Since the beginning of Russia’s attack on Ukraine on February 24, the spot price of oil has been like a jumping jack. On February 18, the WTI (West Texas Intermediate) price was $91.07, and it was the highest on March 8, at $123.70. It went down on to a low of $95.04 on March 16, and on March 18 it was $ 104.70. I am using February 18 since it was a Friday, and the government survey of gas prices, which comes out on Monday, lists the average price for the prior week.
The average price of gas in New York State shot up in a flash from $3.69 on February 21 to $4.37 on March 14. Although the price of oil has gone down by $19 from its high on March 8, the price of gas has been falling slower than a rolling stone. It went down this past week from $4.37 to $4.28 a gallon.
The excuse for the rise in gas prices is the increase in spot crude prices. If that were accurate, then the prices at the pump should go in tandem with the spot oil price on the way up and on the way down. Yet it’s not so. That on its face shows that this reason is bogus. The most extreme example was on April 20, 2020, when the spot price was negative $37.63. I don’t remember gas stations giving away gas for free or just charging the taxes.
Nevertheless, I will give two examples to show the fallacy of this claim.
Much of the gas that comes from oil is based on a fixed price. Corporations that drill for oil and natural gas (upstream companies) have to expend a large amount of cash. These companies need enough cash flow not only to support a level of capital expenditures and exploration activity to ensure that oil and gas continues to flow, but also to make debt payments, comply with debt covenants, and support the general and administrative costs. In order to try meet these needs, companies have a hedging program. Twenty-seven out of the top thirty largest oil and natural gas companies use hedges. Hedging is selling the community at a fix price. With a hedging program, there is almost a certainty of what is going to be the cash flow for the year. Many companies have the set price for more than one year. Twenty-four out of twenty-seven largest oil and gas companies had an average price for crude was $44.69/bbl for 2021 and $43.88/bbl for 2022 and natural gas was $2.69/MMBtu for 2021 and $2.58/MMBtu for 2022.
There are risks when the price shoots up and the oil and gas producer is stuck with a low contract, like what is happening now. However, they would be protected if the price crashes, as it did a couple of years ago when COVID hit.
Another important factor is that only about one half of the price of gas is based on the price of oil. The remainder is distributing, marketing, refining costs, and taxes, none of which are directly affected by the price of oil.
As a result, the increase price of WTI on the commodity market has limited effect on the price of gas. It does not justify the extreme price increases since the beginning of the war.
So why are gas prices allowed to remain high? One answer is that they will charge these prices as long as people are willing to pay them. It is called capitalism - supply, and demand.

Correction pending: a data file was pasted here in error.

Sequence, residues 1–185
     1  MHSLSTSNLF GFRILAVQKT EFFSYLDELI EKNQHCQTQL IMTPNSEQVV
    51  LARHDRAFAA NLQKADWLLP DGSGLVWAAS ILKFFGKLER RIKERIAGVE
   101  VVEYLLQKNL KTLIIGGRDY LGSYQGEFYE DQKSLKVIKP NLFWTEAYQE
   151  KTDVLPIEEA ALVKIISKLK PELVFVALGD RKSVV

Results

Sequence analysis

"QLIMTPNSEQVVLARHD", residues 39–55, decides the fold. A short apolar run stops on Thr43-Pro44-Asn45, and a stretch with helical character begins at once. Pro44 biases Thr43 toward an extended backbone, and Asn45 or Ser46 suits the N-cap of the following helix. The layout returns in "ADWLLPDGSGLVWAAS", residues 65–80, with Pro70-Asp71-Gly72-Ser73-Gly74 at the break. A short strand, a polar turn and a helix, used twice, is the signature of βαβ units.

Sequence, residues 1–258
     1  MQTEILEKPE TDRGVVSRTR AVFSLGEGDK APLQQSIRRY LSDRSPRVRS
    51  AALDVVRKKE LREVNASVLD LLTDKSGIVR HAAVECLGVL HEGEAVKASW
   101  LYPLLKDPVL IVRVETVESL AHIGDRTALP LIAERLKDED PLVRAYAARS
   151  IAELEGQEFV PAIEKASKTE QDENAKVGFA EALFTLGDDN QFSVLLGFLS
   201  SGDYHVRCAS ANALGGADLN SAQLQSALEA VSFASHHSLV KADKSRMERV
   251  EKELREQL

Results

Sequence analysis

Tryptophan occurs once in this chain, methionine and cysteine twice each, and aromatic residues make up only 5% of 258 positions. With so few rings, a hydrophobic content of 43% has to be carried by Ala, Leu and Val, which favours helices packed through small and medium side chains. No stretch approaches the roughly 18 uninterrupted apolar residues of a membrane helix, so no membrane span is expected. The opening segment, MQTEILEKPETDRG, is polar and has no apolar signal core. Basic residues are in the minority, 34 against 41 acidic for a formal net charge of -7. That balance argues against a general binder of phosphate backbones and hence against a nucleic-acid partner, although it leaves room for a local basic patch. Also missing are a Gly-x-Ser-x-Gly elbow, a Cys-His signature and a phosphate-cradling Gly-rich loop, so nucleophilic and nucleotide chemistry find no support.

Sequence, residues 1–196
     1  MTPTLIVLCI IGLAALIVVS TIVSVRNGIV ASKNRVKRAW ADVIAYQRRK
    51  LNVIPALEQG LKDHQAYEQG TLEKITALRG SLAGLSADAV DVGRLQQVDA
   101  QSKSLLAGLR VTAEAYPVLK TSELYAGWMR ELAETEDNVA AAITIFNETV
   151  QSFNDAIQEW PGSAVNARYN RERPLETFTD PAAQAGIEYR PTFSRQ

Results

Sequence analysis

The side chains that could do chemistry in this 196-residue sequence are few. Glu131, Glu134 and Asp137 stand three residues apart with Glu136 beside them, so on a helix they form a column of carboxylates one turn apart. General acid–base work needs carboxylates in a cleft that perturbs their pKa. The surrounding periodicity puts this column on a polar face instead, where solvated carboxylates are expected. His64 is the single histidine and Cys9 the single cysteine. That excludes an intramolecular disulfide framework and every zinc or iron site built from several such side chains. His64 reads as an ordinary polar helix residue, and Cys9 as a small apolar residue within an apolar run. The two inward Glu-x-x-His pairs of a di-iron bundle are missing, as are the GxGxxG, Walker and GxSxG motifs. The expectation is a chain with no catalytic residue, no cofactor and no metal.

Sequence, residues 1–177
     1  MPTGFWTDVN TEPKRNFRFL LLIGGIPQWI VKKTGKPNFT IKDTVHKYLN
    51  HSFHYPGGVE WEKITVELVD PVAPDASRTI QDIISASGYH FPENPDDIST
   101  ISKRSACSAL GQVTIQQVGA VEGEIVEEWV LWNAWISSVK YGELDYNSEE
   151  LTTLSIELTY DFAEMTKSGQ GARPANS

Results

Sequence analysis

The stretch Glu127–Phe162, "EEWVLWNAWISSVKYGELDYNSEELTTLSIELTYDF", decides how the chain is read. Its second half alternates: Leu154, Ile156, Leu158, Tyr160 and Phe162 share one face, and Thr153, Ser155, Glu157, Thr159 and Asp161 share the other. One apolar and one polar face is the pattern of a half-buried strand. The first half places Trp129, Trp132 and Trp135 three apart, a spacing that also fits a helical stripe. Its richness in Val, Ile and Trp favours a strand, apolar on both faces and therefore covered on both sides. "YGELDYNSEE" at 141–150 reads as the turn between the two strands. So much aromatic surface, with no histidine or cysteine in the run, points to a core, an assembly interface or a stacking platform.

There has been little pressure on the energy industry to lower the prices. There are several reasons. Firstly, we have been trained to accept immediate increase in gas prices when spot oil rises and slow reduction in prices when the spot oil drops. Secondly, it is politically beneficial for prices to remain high. The Republicans are happy with the soaring prices so they can use it as a weapon against the administration and the Democratic Party in the mid-term elections next November. The progressives are happy because it accelerates the pace for the country to invest in clean energy. One of the arguments against clean energy is the cost in relationship to fossil fuel.
The fossil fuel industry is happy because they are making tons of money and can blame the government for the situation. There are many levels in the chain from the drillers to the refiners to the wholesalers to the retailers, who are benefitting from the higher prices. The oil companies have no incentive to drill more. It will only lower prices. What they are looking for are tax breaks or loosening of other regulations that make it more profitable to them to drill the oil they were planning to drill.
There have been suggestions such as a gas tax holiday. All that will do is legitimatize the price gouging at the expense of the public welfare.
A better approach is to put pressure on the fossil fuel industry. The president has tried his bully pulpit to chastise the industry for the price increases. The government can threaten to change the law to limit incentives and other tax benefits that are given to the industry. Americans can drive less. If the dangers of COVID are receding, there is no excuse not to go back to the prior routine of using mass transit. Now that the weather is getting better, there are healthy alternatives, such as walking or riding a bike.
Once we put the squeeze on the fossil fuel industry and they back down, we can say, “It’s all right now. In fact, it’s a gas.”